Oil And Gas Accidents And Fatalities In Texas

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In 2014, Houston was ranked the second-best place to live in the world if you want to work in the oil and gas industry by the Oil & Gas Monitor. It is the home of the oil and gas industry in the United States, not only shipping oil and gas, but also manufacturing a large portion of the oil field equipment made in the U.S. The city was ranked the second most important city in the oil and gas industry in the world by arabianindustry.com, beating out cities in traditional oil and gas strongholds such as Saudi Arabia, Russia, Iraq, Scotland and Norway

The downside to Houston’s (and Texas’) prominence in the oil and gas industry is that the city and state see a disproportionate number of worker injuries and fatalities in oil and gas and related industries. Texas accounted for 40 percent of oil field fatalities between 2007 and 2012, according to a February 2014 Insurance Journal story about a Houston Chronicle report. In 2013, the state saw 50 out of 112 oil and gas deaths nationwide, the highest number.

Because Texas accounts for so much activity in the oil and gas industry, however, some say that in terms of percentages, Texas is much safer for oil field workers than the previously booming state of North Dakota. Because of the far greater number of workers – 10 times than North Dakota – Texas is actually three times safer for oil field workers.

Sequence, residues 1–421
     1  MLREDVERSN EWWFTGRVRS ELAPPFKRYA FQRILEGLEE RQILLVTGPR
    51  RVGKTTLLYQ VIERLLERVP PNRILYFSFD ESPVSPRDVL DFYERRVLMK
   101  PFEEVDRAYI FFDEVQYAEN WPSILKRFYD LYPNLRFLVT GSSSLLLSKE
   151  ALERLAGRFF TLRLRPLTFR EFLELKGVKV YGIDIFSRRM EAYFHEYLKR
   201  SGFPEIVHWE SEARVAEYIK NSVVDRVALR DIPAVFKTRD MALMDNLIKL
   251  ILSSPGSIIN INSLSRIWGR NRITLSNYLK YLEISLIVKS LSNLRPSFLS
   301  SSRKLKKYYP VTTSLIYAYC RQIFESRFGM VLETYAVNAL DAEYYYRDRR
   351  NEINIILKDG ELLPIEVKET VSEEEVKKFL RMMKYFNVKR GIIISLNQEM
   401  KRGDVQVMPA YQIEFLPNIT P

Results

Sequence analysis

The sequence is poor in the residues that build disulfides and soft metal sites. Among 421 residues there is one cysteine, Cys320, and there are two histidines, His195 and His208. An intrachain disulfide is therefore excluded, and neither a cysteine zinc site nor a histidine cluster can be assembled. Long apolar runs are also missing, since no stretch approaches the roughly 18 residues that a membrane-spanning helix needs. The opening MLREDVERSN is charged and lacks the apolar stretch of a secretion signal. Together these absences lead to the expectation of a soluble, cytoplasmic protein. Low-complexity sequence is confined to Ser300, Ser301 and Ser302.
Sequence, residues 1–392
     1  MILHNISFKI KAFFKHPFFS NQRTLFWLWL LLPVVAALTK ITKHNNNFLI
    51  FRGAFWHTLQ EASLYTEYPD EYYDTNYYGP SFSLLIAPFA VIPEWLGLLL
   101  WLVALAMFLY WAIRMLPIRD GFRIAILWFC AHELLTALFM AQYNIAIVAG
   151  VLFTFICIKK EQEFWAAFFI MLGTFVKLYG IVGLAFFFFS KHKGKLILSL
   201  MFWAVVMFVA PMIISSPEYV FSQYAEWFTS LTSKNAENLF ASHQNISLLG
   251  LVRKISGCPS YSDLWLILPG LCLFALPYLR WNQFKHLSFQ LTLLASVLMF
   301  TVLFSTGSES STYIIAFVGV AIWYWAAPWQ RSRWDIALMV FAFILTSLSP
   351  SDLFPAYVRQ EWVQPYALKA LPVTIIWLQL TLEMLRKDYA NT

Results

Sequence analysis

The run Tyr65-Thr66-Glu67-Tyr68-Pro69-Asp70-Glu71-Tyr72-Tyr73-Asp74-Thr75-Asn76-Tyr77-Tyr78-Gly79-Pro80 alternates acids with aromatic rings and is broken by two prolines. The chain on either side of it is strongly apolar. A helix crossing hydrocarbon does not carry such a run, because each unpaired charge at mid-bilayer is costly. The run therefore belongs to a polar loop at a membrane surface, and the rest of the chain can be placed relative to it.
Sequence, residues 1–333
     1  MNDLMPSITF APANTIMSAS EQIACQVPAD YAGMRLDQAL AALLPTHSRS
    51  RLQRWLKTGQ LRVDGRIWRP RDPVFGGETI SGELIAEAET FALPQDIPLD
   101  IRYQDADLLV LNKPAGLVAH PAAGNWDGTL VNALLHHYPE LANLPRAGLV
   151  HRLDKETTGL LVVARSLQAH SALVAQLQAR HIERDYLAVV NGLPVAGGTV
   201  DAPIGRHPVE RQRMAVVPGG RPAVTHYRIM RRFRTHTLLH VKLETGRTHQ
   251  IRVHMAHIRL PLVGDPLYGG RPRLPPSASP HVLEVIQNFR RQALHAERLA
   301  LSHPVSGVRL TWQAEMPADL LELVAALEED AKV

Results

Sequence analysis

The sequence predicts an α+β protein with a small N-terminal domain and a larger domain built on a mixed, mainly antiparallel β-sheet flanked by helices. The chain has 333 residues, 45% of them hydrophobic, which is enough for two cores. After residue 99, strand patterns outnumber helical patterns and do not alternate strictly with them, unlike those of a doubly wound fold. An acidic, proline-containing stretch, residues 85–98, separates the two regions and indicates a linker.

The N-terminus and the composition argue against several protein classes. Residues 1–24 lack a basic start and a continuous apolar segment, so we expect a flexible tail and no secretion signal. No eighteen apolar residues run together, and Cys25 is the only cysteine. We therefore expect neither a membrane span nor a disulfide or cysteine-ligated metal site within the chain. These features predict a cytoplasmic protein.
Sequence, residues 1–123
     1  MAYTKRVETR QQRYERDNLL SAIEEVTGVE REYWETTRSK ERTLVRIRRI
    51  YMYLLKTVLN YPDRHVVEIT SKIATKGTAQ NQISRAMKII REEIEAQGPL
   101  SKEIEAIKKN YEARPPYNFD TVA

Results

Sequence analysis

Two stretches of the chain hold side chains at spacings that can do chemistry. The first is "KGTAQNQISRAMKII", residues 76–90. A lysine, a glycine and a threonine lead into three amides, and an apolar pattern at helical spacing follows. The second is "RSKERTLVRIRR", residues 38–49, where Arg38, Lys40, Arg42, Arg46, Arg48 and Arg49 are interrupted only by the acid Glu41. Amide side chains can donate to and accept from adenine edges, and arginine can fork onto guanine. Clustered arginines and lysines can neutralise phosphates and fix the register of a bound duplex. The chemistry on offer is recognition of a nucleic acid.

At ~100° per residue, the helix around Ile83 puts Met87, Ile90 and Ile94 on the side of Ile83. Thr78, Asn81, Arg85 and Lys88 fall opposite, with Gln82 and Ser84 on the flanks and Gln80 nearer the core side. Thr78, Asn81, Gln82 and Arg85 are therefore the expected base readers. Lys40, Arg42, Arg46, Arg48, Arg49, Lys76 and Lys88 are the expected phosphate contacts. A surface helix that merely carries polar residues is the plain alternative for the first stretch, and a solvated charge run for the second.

Why Is The Oil And Gas Industry So Dangerous?

The Houston Chronicle story noted that since the fracking increase post-2007, injuries and deaths had spiked. The story blamed federal authorities who had failed to implement safety standards and procedures for onshore oil and gas drilling. A retired official from the Occupational Safety and Health Administration (OSHA) quoted in the story noted that offshore drilling was now much safer than onshore drilling because problems common in onshore drilling had been eliminated from offshore drilling.

At the time of the 2014 story, Texas had only 95 inspectors to oversee safety at all workplaces in the state, not just oil and gas sites. Very few of those 95 had any specific oil and gas industry experience, according to the report.

It is hard to regulate onshore oil and gas drilling sites because they are often mobile. Few oil field accidents are investigated, partly because it can be difficult to even find a worksite after an accident has been reported, according to industry observers. As oil prices have fallen in the past year, the industry has reduced both the number of workers and the amount of safety dollars it spends. Those workers who remain can be at greater risk.

Oil And Gas Accidents That Cause Death

According to OSHA, the most common types of accidents in the oil and gas industry that can result in death include:

  • Vehicle accidents
  • Struck-by/caught-in/caught-between equipment accidents
  • Explosions and fires
  • Falls
  • Accidents in confined spaces
  • Chemical exposure

Transportation accidents accounted for the most deaths in the Texas oil and gas industry in 2013, the last year for which complete numbers are available. Fires/explosions and slips, trips and falls were the two next most common causes of death in oil and gas facilities, according to the Bureau of Labor Statistics.

Will the decline in oil and gas prices result in a higher or lower percentage of fatal injuries over time? It remains to be seen.